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« Reply #21 on: February 06, 2017, 12:37:34 pm »

Brick and mortar stores are at a competitive disadvantage because of sales tax.  There are two solutions:  increase enforce the sales tax on online sellers, or decrease the tax on brick and mortar retailers.  No one seems to even consider the second option, because it would have to be replaced with some revenue source and heaven forbid we discuss "new taxes."

Use taxes bother me to no end.  The market is evolving, and this use tax is simply a way to try to keep the status quo.  Quit trying to use taxes to favor brick and motar.  Some brick and  mortar will survive, even thrive possibly, if they offer a unique experience or enhanced customer support for specialty items, etc.   Others won't, but that's just the market.  If the goods to be purchased are enough of a commodity that I am comfortable buying remotely, then that is model that the market favors.  Quit trying to tax it.     
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« Reply #22 on: February 06, 2017, 06:06:42 pm »

Use taxes bother me to no end.  The market is evolving, and this use tax is simply a way to try to keep the status quo.  Quit trying to use taxes to favor brick and motar.  Some brick and  mortar will survive, even thrive possibly, if they offer a unique experience or enhanced customer support for specialty items, etc.   Others won't, but that's just the market.  If the goods to be purchased are enough of a commodity that I am comfortable buying remotely, then that is model that the market favors.  Quit trying to tax it.     

Said better than I could.  I support local by trying to buy local foods and obviously you all know I buy local brewers for my beer.  However for those things I cannot find easily at some store in town where Amazon Prime can ship it to me in 2 days I will buy there.  Even if a store says that they can order for me, it's usually a week out and I still wind up paying sales tax.  That was the whole reason Amazon did so well, by not having a nexus in the state.  Of course I'm saying stuff now that is like...duh....
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« Reply #23 on: February 06, 2017, 10:35:47 pm »

Brick and mortar stores are at a competitive disadvantage because of sales tax. 

Not all on-line retailers offer free shipping.  They are at a disadvantage because they charge shipping.
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Red Arrow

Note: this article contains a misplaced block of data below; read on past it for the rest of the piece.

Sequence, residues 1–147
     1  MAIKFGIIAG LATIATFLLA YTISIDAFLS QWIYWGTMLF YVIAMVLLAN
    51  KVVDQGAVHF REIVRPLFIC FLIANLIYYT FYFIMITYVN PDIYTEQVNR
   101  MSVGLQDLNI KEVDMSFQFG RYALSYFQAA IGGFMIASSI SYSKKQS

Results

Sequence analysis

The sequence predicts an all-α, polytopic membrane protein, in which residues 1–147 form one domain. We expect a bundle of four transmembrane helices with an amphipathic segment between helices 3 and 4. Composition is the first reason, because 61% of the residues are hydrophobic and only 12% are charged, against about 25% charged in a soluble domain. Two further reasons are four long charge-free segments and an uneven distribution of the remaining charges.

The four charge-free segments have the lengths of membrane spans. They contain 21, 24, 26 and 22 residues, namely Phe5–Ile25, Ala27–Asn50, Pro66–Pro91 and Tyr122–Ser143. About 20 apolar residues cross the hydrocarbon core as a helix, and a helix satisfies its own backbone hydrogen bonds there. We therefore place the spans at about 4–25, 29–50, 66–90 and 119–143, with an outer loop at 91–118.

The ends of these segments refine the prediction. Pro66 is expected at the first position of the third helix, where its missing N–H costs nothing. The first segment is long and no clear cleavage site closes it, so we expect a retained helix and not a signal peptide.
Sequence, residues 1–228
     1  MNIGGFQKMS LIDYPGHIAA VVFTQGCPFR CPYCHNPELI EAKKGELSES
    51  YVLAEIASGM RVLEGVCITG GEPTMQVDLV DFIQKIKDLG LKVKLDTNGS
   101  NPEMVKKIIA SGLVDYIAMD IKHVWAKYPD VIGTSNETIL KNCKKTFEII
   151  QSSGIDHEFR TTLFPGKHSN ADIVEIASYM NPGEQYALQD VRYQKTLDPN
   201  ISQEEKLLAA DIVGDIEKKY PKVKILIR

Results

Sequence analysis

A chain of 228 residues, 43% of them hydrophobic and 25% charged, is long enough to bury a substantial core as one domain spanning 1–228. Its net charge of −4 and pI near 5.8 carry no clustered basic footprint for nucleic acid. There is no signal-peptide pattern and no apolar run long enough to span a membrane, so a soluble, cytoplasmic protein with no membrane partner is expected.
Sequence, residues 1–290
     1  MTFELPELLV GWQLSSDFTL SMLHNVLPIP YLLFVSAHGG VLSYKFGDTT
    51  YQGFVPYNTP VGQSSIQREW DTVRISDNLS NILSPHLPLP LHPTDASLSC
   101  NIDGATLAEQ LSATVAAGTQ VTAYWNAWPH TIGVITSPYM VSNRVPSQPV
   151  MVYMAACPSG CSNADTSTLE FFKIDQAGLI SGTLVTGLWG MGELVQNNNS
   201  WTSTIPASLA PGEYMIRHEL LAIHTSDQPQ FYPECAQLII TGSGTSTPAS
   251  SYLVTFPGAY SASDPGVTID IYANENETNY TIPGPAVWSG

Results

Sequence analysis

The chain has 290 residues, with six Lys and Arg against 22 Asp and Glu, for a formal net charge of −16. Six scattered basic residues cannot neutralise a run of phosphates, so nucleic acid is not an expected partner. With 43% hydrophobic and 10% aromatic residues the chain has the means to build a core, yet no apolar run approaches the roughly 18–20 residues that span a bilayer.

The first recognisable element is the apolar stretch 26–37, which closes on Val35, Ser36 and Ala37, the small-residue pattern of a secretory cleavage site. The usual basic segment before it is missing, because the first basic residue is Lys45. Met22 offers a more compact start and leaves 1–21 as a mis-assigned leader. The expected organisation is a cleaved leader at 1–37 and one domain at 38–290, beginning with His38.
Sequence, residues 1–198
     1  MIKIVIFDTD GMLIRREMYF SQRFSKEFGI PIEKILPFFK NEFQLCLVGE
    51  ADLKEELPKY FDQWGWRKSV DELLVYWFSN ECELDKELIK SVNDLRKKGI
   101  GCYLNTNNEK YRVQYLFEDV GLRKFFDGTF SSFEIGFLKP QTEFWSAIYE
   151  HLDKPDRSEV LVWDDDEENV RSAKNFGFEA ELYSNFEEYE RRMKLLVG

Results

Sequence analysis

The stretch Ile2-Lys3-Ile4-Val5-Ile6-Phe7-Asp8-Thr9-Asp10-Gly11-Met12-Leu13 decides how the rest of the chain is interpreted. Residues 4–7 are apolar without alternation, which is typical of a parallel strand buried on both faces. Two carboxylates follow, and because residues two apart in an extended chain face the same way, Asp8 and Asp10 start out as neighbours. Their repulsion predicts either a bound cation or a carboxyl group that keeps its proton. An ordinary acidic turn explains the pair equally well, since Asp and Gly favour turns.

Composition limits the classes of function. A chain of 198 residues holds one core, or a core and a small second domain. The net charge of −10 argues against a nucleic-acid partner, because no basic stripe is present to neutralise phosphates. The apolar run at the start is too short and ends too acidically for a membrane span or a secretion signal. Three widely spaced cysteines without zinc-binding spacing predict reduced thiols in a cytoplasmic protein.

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« Reply #24 on: February 06, 2017, 10:59:28 pm »

I’ve always been of the impression that use tax even goes so far if you make a purchase on a road trip of a durable good and you paid less in sales tax.
I've been of the impression that it is anything you buy, even a bag of apples.

Quote
The problem with our use tax is it is essentially unenforceable and unless someone keeps a daily or weekly record of their un-taxed purchases there’s no way to really keep up with how much should be owed.
I haven't looked at Turbo Tax yet but in years past Oklahoma has allowed a percentage of your taxable income as payment of use tax for un-taxed purchases.   It was fairly reasonable if you bought much of anything.

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Some people purchase on line for the convenience of it and others do because if they are buying from sellers with no nexus in Oklahoma they automatically save 8-10% on their purchase.
I mostly buy things on-line that I cannot find locally.  I have had some local merchants tell me to use their on-line site.  I tell them that if I have to use an on-line site, I will use one that does not have a brick and mortar site near Tulsa.  A few years ago I needed a part from the Sears parts place on 55th St, east of Mingo.  They didn't normally carry it at that location but it was a standard part. In addition to list price and sales tax they tried to add shipping from their warehouse for regular, non-expedited, service.  I went elsewhere and now refuse to buy pretty much anything that may need service or parts from Sears.